Haven’t there been times in your life—there certainly have in mine—when things seemed so bad, so down, that the only thing that got you up in the morning and through the day was the hope that at some point the bad would stop and the good get going again? I’ve lived that way myself, and I’ve seen the same in others. Doctors and nurses and anyone who works with people who are gravely ill will tell you about this in a particularly dramatic way. Sometimes people seem to stay alive and eventually they recover by the sheer force of the hope which is in them and the will-to-live which springs from that hope. At other times a person—perhaps a person who is not really that sick—nevertheless loses hope and very quickly there is decline and often death. Life and hope: for human beings at least, the two are related, very closely related, and in such a way that life, it seems, often depends on hope. Without hope life just fades away.
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This is certainly what the Bible teaches, and scripture teaches it because this is what the people of the Bible learned from their experience of life and God, and they pass this lesson on to us to learn as well. It would be hard to imagine a story more motivated and determined by hope—hope disappointed and hope fulfilled—than the history of the Old Testament. The ancient Hebrews were a people sustained by hope and expectation and the promise which they believed their God had made to them: that they would always be His people, and He would always be their God. He would never abandon them. Without that trust and hope in God’s faithfulness there would have been no Old Testament. Life depends on hope, and their hope kept the Jews alive. It sustained them through defeat after defeat, betrayal after betrayal. It held them together when they were in exile in Babylon. They were a people of Covenant—yes—but a people also of promise and hope. They would be His people, and He would be their God.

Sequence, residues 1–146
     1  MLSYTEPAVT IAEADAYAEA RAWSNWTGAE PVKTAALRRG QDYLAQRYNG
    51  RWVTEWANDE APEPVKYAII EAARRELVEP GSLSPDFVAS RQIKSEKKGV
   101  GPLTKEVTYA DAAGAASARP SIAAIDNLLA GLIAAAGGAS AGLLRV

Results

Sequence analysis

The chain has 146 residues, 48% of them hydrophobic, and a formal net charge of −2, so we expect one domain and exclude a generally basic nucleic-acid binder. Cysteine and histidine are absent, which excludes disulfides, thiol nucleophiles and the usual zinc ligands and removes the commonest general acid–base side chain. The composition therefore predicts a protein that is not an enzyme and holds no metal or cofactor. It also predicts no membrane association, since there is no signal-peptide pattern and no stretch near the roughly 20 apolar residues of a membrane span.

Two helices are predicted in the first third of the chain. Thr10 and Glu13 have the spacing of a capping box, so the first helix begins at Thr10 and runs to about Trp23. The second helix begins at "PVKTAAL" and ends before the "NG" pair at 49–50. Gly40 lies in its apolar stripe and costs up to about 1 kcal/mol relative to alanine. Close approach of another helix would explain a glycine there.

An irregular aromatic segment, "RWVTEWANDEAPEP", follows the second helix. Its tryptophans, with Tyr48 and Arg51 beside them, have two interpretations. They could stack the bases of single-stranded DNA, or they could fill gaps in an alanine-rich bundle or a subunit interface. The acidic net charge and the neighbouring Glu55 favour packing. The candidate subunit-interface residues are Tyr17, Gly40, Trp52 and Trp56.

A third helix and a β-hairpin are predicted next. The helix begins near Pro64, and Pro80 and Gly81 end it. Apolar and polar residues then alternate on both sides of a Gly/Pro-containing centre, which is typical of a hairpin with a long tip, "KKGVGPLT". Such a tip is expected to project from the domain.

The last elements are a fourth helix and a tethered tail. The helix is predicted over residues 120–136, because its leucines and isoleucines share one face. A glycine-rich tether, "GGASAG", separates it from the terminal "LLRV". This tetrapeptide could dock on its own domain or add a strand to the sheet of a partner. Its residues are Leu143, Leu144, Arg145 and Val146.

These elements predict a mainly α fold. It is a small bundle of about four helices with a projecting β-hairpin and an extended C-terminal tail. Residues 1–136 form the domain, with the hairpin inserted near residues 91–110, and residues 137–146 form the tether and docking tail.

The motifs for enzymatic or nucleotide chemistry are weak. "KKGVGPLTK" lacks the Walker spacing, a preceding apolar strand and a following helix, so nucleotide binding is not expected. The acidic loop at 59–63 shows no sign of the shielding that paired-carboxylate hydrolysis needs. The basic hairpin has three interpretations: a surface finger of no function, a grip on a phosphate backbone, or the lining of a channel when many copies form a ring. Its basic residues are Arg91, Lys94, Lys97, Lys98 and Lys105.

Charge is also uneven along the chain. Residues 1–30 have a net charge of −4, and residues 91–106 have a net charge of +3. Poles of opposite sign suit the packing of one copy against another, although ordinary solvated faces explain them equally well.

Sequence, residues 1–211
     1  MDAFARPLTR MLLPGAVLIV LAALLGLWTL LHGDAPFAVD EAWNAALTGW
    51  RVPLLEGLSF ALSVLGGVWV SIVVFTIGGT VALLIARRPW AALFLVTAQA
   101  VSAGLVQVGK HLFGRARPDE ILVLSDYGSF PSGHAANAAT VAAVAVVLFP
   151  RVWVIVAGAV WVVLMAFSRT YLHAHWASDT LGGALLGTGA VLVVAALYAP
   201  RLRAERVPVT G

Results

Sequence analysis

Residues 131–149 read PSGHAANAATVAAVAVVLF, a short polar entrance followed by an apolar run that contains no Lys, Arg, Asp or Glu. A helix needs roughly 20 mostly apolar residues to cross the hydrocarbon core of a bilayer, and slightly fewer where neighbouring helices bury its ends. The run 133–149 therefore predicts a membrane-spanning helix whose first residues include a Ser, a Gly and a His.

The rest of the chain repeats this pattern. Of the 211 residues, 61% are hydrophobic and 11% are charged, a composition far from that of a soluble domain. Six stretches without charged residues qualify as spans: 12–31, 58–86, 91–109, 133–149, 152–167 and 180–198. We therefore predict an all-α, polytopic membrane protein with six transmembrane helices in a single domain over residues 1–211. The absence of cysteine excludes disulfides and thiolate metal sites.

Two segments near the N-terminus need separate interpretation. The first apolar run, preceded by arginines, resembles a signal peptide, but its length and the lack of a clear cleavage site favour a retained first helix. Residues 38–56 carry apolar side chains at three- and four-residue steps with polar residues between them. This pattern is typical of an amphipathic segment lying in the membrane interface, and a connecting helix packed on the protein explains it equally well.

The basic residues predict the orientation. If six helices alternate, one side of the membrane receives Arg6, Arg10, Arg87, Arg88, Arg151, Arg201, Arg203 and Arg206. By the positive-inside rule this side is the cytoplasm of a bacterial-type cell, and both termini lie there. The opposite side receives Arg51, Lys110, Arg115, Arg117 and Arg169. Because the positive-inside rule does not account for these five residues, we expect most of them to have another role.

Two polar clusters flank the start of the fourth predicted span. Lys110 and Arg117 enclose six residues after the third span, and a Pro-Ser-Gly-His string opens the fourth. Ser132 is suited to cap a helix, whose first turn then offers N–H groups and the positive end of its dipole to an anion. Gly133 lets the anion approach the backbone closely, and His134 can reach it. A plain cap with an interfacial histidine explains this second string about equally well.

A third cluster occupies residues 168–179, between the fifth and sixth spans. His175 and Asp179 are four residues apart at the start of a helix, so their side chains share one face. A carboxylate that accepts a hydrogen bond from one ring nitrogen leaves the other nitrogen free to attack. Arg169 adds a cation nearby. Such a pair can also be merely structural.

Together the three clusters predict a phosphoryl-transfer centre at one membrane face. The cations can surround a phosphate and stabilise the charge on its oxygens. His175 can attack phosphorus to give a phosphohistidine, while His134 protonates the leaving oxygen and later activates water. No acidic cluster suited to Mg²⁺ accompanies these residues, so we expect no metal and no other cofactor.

And without that hope there would have been no New Testament, for at a certain point the hope of Israel began to focus itself and become specific: the God of Israel would send to His people One who would realize all their hopes—the Messiah, God’s anointed and the agent of His action and His promise. Through that Messiah God would overturn the disappointments which Israel had suffered. In that Messiah God would be with His people and would be their God in a way which they had not yet known. The Messiah would be Emmanuel, God-with-us, a name of promise, a title which points to hope fulfilled.